Understanding Flare Rates of Young Stars with Machine Learning

Adina Feinstein, Ben Montet, Megan Ansdell, Brian Nord, Jacob Bean, Max Gunther, Michael Gully-Santiago, & Josh Schlieder


M dwarfs have consistently high flare rates across the first 800 Myr, while hotter stars have fewer flares over time.

M dwarfs with Teff < 3200 K have the highest normalized energy flares in the sample.

High flare rates seen on young stars cause exoplanet atmospheres too lose 4-7% more atmospheric mass.

In order to understand the exoplanet population we see today, we must understand the early stages of planet formation and evolution. The star a planet orbit dictates its entire life. It sets the environment the planet resides in. Young stars are known to emit higher X-ray/UV radiation and be more magnetically active. In particular stellar flares, which are caused by the reconnection of magnetic field lines have destructive consequences, such as:
  • Increased photoevaporation of the inner disk (Benz & Gudel, 2010).
  • Increased atmospheric erosion, especially for short period planets while they are still forming and contracting (Owen & Wu, 2017).
  • Long term effects on the chemical compositions of atmospheres (Venot+ 2016).
We used data from the Transiting Exoplanet Survey Satellite (TESS) to detect flares and determine flare rates and evaluate how these values affect the photoevaporoative atmospheric mass loss for close-in planets.

Sample Selection & Machine Learning

Young stars were identified through a literature search. The Gaia kinematics were run through BANYAN-SIGMA to assign each star to a young moving groups, young open clusters, OB associations, or star forming region. In total, we have a sample of 3200 young stars observed at TESS 2-minute cadence in Sectors 1-19.


To identify flares, we trained a convolutional neural network (CNN), stella on the flare catalog from Gunther+2020. The results of the training are shown left. Accuracy is the fraction of predictions the models got correct. The loss tests how far from the true values the network is labeling examples. Thus, a well performing CNN will have accuracy converge to 1 and loss converge to 0, which is what we see in stella.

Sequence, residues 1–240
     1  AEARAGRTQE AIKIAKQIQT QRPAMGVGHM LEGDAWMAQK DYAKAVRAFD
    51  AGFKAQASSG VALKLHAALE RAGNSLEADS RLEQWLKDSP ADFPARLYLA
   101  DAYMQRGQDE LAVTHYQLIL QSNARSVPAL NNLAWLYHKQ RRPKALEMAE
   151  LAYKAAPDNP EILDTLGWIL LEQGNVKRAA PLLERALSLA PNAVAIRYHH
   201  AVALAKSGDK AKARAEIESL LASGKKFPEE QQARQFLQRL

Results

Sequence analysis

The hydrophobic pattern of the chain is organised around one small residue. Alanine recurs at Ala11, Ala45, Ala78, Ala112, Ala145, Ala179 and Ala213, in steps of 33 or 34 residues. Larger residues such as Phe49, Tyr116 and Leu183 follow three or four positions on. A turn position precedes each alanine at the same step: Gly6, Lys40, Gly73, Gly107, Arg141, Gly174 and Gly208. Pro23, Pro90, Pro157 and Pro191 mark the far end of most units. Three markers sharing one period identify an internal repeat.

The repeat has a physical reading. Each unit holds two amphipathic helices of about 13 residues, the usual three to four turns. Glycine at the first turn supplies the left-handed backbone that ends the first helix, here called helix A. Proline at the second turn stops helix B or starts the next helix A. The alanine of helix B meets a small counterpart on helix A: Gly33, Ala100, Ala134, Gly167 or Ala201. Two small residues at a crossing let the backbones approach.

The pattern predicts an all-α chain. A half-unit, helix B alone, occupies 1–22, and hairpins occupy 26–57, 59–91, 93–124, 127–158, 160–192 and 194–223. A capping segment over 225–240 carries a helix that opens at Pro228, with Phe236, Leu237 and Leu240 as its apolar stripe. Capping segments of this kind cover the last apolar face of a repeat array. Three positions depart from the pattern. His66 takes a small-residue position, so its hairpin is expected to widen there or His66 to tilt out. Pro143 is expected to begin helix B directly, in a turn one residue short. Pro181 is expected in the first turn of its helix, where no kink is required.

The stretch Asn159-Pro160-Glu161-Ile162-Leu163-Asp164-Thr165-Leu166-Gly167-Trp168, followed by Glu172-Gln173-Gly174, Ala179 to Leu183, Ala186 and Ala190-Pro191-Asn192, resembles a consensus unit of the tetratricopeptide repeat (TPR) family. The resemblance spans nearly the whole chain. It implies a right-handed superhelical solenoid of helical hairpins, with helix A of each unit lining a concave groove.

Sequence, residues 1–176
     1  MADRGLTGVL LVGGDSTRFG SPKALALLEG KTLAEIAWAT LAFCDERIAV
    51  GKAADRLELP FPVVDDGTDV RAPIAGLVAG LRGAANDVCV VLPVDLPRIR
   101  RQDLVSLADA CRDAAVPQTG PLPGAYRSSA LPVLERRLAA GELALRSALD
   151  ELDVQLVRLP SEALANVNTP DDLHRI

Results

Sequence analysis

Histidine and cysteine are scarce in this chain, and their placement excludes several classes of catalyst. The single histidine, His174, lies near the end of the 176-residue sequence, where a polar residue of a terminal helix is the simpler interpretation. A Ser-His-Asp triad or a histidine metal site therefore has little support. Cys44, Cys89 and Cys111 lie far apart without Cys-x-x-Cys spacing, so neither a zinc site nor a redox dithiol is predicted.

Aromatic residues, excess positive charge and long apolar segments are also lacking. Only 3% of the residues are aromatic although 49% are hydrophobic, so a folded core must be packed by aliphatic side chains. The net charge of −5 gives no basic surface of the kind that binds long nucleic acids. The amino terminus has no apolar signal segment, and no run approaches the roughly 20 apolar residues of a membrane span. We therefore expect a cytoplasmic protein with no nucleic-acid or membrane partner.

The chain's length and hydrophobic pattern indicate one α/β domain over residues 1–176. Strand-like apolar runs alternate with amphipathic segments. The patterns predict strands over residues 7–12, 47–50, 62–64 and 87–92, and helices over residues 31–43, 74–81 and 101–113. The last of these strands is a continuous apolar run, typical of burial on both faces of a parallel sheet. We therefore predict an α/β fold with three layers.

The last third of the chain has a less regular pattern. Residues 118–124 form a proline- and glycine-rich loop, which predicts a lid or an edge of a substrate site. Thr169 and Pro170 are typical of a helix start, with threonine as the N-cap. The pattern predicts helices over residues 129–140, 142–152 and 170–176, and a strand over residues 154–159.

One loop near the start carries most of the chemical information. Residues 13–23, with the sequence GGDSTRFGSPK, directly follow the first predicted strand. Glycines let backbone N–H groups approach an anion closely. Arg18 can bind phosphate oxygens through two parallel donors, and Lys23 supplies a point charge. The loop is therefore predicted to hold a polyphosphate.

We can evaluate the confusion matrix for the stella test set. This highlights examples that are:

  • True Negatives (top left): Non-flares identified as non-flares.
  • False Positives (top right): Flare-like shapes that could be noise of unlabeled true flares.
  • False Negatives (bottom left): True flares with shapes that deviate from the typical positive examples.
  • True Positives (bottom right): Flares identified as flares.
Note the green false positive, which looks like an unlabeled true flares, highlighting the incompleteness of our training set to every flare in the light curves.


With stella we are able to assign a probability that a given cadence is part of a flare. Here is a video demonstration of this: As the CNN moves along the light curve, the two flares light up in yellow, but also in the probability time series, shown in the bottom subplot. By assigning probabilities, which has never been done in other flare detection techniques, we are able to say something truly statistical about flare rates.

What relationships do we find between flare rate and spectral type, age, and spot phase?

Flares are borken down into bins of Teff and by age (teal = tage < 50 Myr; yellow = tage > 50 Myr). Temperature ranges are labeled in each subplot. We note a detection bias towards lower energy flares for cooler stars.

There is a noticeable drop-off in flare rate and energy as the star's temperature increases. M and late K dwarfs (Teff < 4000 K) experience similar flare rates and energies across the entire age range of our sample. The high-energy flare tail extends out to 1035ergs and is most noticeable for tage < 50 Myr stars. Teff > 6200 K corresponds to the Kraft break and thus a change in interal structure, which may be the cause of such a lack of flares.

Here, we plot Gaia color against our measured rotation periods, Prot. Points are colored by the flare rate of that star. There is a noticeable decrease in flare rate at Gaia Bp> - Rp> = 2, which corresponds to a Teff = 4000 K. Most stars with color Bp> - Rp> < 2 do not exhibit any flares, while the cooler stars show a variety of flare rates across all rotation periods. There is a clear artificially induced break at Prot > 12 days, as the result of our rotation period metrics.

We were able to measure rotation periods for 1500 stars in our sample. There is no preference for where flares occur with respect to phase. Here a phase = 0 is the peak of the rotation modulation (i.e. the less spotted hemisphere). Doyle+2018, Doyle+2019, and Doyle+2020 found similar results across smaller samples (30-200) of G and M dwarfs in both K2 and TESS data.

The result presented here is the largest sample of young stars for which such an analysis has been completed.

What do these high flare rates mean for young exoplanets?

Modifying the photoevaporative atmospheric mass loss equation from Owen & Wu (2017), to account for flares, we find that:

  • When flares are present for the first 200 Myr, 4% more atmospheric mass is lost (green curve).
  • When flares are present for the first 1000 Myr, 7% more atmospheric mass is lost (yellow curve).
Although these differences when accounting for flares do not seem large, this does suggest that flares need to be accounted for in more detail moving forward.

Flares have been shown to alter atmospheric chemistry. Here, we demonstrate they could partially affect mass-loss rates during formation.

For more details, be sure to check out our paper!